Question: My son, a fourth grader, does a terrible job of bringing his books and assignments back and forth between home and school. His bedroom and desks at home and school are always in total disarray, and he usually forgets test dates. What can I do to help him before he gets in the later grades?
Answer: Your child may be having problems with what is called “executive function,” the neurological process that lets us be organized. Children with attention deficit disorder (ADD or ADHD) or other related neurobiological problems often have problems with this skill set. It would be a good idea to ask your child’s school to test him for these problems. If one is found, he will receive not only additional support from the school but also understanding from his teachers.
Obviously, having poor organizational skills affects schoolwork. According to the National Center for Learning Disabilities (NCLD), early attention to developing efficient organizational skills can be very helpful. Fortunately, there are many things that you can do to help your child:
- Develop checklists with him that he can use for various tasks including starting and completing homework and bringing materials to and from school. These checklists can be laminated and placed on his desks at home and school. As items are completed, they can be checked off with an erasable marker. At first, you must be sure to go over the checklist with him immediately after he has completed his homework.
- Have him use a calendar to keep track of long-term assignments and tests. Look over it with him at the start of each homework session.
- Work with him to divide long-term assignments into manageable chunks. Then check that he is following this timetable when he has this type of assignment.
- Decide on a weekly time in which you help your son clean and organize his work space at home. It would be great if the same thing could happen at school.
- Make sure that he uses the organizer that the teacher recommends. At first, help him keep it organized nightly. Later, he should take over this task which will be part of his “at-home” checklist.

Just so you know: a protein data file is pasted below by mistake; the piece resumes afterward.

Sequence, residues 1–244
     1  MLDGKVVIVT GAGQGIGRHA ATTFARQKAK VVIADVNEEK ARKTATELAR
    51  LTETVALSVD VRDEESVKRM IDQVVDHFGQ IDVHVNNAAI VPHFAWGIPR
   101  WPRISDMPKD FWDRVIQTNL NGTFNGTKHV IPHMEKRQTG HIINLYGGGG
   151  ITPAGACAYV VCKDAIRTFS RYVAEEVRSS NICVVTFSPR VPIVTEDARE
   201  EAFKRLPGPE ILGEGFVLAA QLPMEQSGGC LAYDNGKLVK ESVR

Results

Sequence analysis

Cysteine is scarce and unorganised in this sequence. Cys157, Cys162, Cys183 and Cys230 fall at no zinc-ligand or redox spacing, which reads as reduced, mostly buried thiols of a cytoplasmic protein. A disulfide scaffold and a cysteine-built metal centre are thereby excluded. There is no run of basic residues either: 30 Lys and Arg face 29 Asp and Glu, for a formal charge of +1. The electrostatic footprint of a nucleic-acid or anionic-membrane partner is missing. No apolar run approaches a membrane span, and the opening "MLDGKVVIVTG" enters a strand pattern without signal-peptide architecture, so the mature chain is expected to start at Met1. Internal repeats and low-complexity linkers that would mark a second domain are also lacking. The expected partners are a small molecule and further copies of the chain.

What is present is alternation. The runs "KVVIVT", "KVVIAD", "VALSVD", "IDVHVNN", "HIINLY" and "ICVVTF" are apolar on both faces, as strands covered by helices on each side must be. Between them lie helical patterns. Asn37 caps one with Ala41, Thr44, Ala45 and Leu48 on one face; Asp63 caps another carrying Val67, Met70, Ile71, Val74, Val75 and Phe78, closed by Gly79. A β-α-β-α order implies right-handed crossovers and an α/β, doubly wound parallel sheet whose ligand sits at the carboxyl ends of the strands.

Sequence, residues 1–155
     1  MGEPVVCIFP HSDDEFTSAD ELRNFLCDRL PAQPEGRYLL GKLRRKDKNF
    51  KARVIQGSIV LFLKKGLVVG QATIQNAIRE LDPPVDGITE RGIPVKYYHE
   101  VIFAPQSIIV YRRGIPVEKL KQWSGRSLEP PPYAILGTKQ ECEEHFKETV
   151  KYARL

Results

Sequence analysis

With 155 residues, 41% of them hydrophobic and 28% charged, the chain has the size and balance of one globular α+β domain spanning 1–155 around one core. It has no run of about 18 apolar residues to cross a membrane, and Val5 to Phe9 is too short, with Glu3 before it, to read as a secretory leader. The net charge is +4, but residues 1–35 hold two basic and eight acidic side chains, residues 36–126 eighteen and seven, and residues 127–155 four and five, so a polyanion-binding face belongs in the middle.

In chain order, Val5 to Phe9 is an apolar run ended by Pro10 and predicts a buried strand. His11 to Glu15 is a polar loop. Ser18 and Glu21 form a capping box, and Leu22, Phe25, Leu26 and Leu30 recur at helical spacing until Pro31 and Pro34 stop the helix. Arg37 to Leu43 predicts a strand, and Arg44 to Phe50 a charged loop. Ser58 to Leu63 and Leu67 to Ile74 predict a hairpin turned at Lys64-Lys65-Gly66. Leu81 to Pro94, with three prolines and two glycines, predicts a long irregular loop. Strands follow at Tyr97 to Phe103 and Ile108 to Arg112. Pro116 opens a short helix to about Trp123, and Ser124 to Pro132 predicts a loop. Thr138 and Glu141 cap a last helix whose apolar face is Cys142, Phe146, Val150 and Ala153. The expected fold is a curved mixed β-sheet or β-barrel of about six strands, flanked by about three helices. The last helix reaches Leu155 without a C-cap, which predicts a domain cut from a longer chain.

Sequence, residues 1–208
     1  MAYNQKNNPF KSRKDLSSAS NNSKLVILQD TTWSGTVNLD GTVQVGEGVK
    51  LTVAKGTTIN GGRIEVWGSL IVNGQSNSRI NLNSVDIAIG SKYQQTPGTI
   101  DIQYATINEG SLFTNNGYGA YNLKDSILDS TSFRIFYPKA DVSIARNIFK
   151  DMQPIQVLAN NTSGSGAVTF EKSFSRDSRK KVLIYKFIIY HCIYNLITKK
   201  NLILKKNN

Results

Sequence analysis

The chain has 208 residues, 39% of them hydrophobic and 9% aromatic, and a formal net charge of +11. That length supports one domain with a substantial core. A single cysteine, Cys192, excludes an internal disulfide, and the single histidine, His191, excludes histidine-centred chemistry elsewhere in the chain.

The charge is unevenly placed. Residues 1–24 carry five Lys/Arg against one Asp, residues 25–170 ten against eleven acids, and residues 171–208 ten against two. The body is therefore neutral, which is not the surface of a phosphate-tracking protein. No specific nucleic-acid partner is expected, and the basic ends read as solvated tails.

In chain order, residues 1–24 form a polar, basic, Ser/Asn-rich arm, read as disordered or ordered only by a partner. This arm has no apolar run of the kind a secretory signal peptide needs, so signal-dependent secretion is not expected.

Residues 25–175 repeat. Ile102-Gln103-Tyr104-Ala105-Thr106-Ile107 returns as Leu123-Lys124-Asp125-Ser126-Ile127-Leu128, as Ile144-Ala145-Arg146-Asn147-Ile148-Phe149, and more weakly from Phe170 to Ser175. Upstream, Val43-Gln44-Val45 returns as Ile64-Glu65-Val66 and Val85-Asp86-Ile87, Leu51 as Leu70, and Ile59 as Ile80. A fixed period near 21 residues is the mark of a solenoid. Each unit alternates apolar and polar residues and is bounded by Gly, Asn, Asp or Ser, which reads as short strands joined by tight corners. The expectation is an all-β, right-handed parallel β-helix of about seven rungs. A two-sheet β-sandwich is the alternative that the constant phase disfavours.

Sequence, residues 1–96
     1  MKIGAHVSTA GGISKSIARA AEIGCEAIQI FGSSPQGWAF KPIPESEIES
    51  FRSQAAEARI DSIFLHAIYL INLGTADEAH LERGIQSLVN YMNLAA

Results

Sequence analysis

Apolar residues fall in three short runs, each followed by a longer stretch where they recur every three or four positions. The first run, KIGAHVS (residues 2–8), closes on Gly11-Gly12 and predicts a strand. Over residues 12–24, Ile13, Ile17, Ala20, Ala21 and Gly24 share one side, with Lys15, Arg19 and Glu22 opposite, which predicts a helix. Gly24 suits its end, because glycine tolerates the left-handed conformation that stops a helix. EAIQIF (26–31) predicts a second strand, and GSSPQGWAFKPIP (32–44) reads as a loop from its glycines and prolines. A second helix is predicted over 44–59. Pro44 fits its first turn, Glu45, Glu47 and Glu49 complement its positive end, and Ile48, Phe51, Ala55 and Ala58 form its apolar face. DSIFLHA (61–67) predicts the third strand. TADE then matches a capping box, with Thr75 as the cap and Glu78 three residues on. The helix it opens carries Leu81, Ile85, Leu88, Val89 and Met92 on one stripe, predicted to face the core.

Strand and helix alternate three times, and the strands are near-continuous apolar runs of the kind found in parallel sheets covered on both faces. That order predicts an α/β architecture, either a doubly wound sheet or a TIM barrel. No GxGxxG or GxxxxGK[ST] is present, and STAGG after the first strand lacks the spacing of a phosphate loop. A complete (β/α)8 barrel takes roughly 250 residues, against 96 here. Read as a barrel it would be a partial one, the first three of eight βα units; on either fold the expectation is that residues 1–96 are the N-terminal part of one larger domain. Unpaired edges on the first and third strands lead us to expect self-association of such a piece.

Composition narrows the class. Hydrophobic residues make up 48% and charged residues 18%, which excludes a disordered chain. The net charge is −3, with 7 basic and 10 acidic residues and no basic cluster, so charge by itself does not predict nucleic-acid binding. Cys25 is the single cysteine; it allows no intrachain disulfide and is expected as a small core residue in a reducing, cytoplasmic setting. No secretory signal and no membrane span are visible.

- If possible, provide him with an at-home set of books until bringing home books becomes automatic.
- After homework sessions, have him put all homework and books returning to school in his backpack or organizer. This should be placed by the door. Check that he has done this. Place a note on the door to remind him to take these items to school. If he fails to do this, start checking on this before your son leaves home.
In trying to help a disorganized child become more organized, don’t expect immediate results. What works best is to work on improving one area in which he is disorganized at a time. After he acquires organizational skills in this area, back off on your supervision. Then, if he has definitely acquired a skill, start working on helping him acquire another. It will take time! And it will be far easier if you are an organized person.
Your Local Library
Parents: “It is never too early—or late—to start visiting the library. Go on a library safari with your children and you’ll be amazed at all there is to discover,” according to the International Reading Association. Programs specifically designed for your children make the library a fun place to spend time. Books, CDs, music, movies and
special programs designed for children from infants on up are often readily available and regularly scheduled at your nearby library branch.
The Metropolitan Library System (MetroLibrary.org) and the Pioneer Library System (pls.lib.ok.us) serve the greater Oklahoma City area. You can find a listing of the library locations and telephone numbers on page 35. Various library programs are listed in our calendar, and a full listing of library events can be found online at each library’s website.